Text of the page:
Most families have holiday traditions handed down through the generations. Many of these come to us from our parents and grandparents. Then we often combine them for our children, plus add customs of our own.
These are treasured memories to record for yourself and for future generations. Often you’re the only one who remembers the stories told to you by relatives.
*Begin a Christmas Journal in which you record the various memories.
*Look for pictures of Christmas past and photos of relatives who attended these festivities.
*Place these photos on CDs and make copies for family members. These make nice gifts.
*Start a scrapbook of holiday stories and photos.
Consider Your Parents’ Traditions
When considering my parents’ traditions, I remember they grew up celebrating Christmas differently. So we had a medley of customs, resulting in an expanded holiday for us children.
Mother’s family opened their gifts on Christmas Eve, then had their big dinner Christmas Day with relatives often visiting. Father’s family had their gifts on Christmas morning.
So they compromised. Mother let us open one gift the night before Christmas, and we enjoyed the remainder the next morning…after Father and the hired man milked the cows and ate breakfast. (That was such a long wait.)
We always let our daughter open one gift on Christmas Eve, and she’s carried out that tradition with her children. What traditions have you carried on or combined?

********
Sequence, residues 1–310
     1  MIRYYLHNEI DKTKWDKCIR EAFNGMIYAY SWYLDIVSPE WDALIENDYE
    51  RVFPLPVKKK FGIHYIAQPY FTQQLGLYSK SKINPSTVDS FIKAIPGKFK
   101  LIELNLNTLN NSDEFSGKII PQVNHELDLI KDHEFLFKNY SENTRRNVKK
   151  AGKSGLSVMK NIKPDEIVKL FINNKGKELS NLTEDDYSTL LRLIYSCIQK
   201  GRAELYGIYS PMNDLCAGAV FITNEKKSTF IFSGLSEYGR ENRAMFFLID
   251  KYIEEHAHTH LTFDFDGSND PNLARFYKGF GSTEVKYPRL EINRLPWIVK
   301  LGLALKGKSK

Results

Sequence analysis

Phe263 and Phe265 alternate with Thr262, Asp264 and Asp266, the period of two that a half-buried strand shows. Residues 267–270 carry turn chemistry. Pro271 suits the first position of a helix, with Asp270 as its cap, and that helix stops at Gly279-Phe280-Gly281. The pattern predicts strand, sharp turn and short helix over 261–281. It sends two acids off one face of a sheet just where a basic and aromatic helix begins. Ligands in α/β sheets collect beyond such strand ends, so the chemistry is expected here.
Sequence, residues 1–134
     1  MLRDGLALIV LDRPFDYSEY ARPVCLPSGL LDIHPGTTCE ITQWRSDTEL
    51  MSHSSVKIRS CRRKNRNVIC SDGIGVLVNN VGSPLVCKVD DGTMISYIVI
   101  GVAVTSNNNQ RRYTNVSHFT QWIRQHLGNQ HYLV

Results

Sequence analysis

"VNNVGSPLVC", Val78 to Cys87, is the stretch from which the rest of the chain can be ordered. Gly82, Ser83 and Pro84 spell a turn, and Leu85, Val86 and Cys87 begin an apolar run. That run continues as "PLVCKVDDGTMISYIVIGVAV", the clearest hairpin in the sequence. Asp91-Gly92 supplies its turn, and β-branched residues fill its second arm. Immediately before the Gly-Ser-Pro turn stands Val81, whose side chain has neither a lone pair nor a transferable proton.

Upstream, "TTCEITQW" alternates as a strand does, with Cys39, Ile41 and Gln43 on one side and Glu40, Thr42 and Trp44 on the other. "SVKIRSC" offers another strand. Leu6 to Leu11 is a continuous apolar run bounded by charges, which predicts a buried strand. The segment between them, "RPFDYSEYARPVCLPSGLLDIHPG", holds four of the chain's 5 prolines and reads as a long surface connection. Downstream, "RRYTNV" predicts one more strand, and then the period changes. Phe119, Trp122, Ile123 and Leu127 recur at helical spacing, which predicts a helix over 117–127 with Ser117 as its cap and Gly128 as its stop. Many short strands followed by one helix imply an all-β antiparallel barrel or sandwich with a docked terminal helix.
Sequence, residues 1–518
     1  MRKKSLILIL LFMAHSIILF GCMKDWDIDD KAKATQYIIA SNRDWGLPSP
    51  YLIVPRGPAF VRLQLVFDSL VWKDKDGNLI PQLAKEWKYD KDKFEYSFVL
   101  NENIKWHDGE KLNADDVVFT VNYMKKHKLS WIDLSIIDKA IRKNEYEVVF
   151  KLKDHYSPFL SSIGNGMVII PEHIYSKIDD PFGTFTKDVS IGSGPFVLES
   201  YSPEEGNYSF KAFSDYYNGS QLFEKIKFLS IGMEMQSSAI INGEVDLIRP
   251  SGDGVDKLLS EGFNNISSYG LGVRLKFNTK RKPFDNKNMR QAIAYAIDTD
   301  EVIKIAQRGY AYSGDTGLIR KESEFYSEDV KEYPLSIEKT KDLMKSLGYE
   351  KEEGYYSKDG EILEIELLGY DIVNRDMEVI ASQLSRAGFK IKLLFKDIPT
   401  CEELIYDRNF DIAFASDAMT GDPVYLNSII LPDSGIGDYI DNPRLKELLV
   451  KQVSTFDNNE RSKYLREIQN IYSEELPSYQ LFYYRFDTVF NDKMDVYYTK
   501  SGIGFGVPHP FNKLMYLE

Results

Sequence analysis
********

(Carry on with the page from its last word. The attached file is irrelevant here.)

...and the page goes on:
We generally had roast chicken for Christmas dinner because we raised chickens on our dairy farm and sold eggs commercially. Turkey was a special treat.
Nowadays we often have roast beef for our Christmas dinners. To accompany this, our daughter makes YORKSHIRE PUDDING, a dish her children enjoy, which she learned about when in England as an exchange student.
Actually she has adapted a POPOVER recipe and makes individual servings, baking them in a muffin tin instead of with the meat drippings.
Beat 2 eggs slightly. Then add remaining ingredients (1 cup all-purpose flour, 1 cup milk, ½ teaspoon salt) and beat until just smooth, making sure you don’t overbeat.
Fill a well-greased six-cup popover pan, six small custard cups, or stoneware muffin pan about ½ full. Bake in preheated 450 degree F. oven for 20 minutes. Then reduce the heat to 350 degrees F. and bake about 20 minutes more until they’re a golden brown. Remove from cups immediately and serve.
(Beth doubles the recipe, making 12 popovers. You also can spoon gravy or meat drippings over them individually, if you like them this way.)
©2008 Mary Emma Allen
(Mary Emma enjoys researching family food customs and holiday traditions. Visit her at: www.quiltingandpatchwork.com and http://tea-time-notes.blogspot.com )